Saturday, Mar 8, 2014
Speaker Shares Tips to Prevent School Violence
MARION -- School shootings are a big concern for educators and law enforcement. They spend hours planning on how they'll safely deal with those situations. On Thursday, those officials had the chance to learn from a national expert on violence.
The day long session was held at the Pavilion of the City of Marion.
Lt. Colonel Dave Grossman shared stories from other school attacks, hoping to help teachers and police spot issues with violence before someone gets hurt.
Grossman is a former Psychology professor at West Point, an Army Ranger, and an author.
"He covers the psychology, kind of what drives the bad guy," said Williamson County Sheriff's Deputy Brian Murrah, "what has to motivate the good guys in that situation."
Murrah first suggested bringing in Grossman as a speaker months ago. The Franklin-Williamson Regional Superintendent Office joined in to lead the planning.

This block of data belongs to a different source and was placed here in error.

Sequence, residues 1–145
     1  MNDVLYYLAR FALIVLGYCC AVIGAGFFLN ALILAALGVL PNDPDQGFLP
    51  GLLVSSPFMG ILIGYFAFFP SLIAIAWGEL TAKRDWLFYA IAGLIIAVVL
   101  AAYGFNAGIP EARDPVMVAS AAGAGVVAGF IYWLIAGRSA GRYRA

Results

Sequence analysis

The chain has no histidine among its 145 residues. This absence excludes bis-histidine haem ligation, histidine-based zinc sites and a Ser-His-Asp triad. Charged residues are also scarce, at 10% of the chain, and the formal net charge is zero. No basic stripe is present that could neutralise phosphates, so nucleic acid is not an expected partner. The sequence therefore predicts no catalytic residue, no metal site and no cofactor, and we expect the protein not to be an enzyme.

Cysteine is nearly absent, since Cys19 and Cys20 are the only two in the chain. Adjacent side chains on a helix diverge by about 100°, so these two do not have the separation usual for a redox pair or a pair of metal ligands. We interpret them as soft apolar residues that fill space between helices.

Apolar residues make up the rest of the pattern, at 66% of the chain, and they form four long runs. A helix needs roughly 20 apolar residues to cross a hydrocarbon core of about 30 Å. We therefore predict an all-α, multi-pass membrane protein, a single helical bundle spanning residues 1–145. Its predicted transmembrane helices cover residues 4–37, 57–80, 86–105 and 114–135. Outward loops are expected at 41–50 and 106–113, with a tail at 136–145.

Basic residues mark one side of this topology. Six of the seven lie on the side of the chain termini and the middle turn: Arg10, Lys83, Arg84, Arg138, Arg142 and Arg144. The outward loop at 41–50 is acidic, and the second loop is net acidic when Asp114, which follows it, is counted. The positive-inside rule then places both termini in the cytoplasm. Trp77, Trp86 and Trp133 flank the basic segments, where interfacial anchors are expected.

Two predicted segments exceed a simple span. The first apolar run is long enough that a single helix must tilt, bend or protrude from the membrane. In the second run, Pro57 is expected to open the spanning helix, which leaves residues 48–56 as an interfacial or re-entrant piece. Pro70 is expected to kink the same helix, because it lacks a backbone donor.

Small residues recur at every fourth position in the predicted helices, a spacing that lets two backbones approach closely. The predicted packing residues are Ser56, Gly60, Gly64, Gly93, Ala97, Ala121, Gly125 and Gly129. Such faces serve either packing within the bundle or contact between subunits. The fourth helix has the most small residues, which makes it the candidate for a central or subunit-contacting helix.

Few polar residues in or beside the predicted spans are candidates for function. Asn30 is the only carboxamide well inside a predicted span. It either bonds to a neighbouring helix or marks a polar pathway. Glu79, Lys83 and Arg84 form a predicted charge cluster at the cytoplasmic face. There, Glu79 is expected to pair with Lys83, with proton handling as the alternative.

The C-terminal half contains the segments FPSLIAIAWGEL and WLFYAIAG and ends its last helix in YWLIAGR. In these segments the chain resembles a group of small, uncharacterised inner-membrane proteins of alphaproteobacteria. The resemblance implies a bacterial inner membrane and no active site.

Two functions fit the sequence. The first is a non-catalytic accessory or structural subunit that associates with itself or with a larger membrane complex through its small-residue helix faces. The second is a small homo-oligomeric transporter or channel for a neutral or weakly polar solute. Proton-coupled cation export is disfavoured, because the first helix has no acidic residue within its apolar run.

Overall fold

The past year has brought several school shootings. The latest one was on Tuesday. A 12-year-old boy fired at classmates in New Mexico, injuring two.
"We need to start working on it in I guess a proactive manner," said Murrah. "Start looking out for certain things and trying to get ahead of it."
Grossman covers topics like bullying and video games and how to react to warning signs.
Murrah asked schools to bring administrators, teachers, secretaries, and janitors to the training.
"The janitor is out and about all day long," said Murrah. He's all over the building. The secretary generally knows as much or more than the building principal does, depending on what type of day it is."
Teacher Matt Hampleman is part of the Frankfort Community High School Crisis Prevention Team.
"We have one of the older school buildings in the area, at 100 years old," said Hampleman. "There's a lot of things to think about."
The district deals closely with their local police department and uses active shooter training to create a safety plan.
However, Hampleman feels the session with Grossman could help them find areas to improve.
"It's kind of amazing to hear the statistics," said Hampleman.
Another area that Grossman focuses on is violent video games. He also helped co-author a book on the issue called "Stop Teaching Our Kids to Kill."
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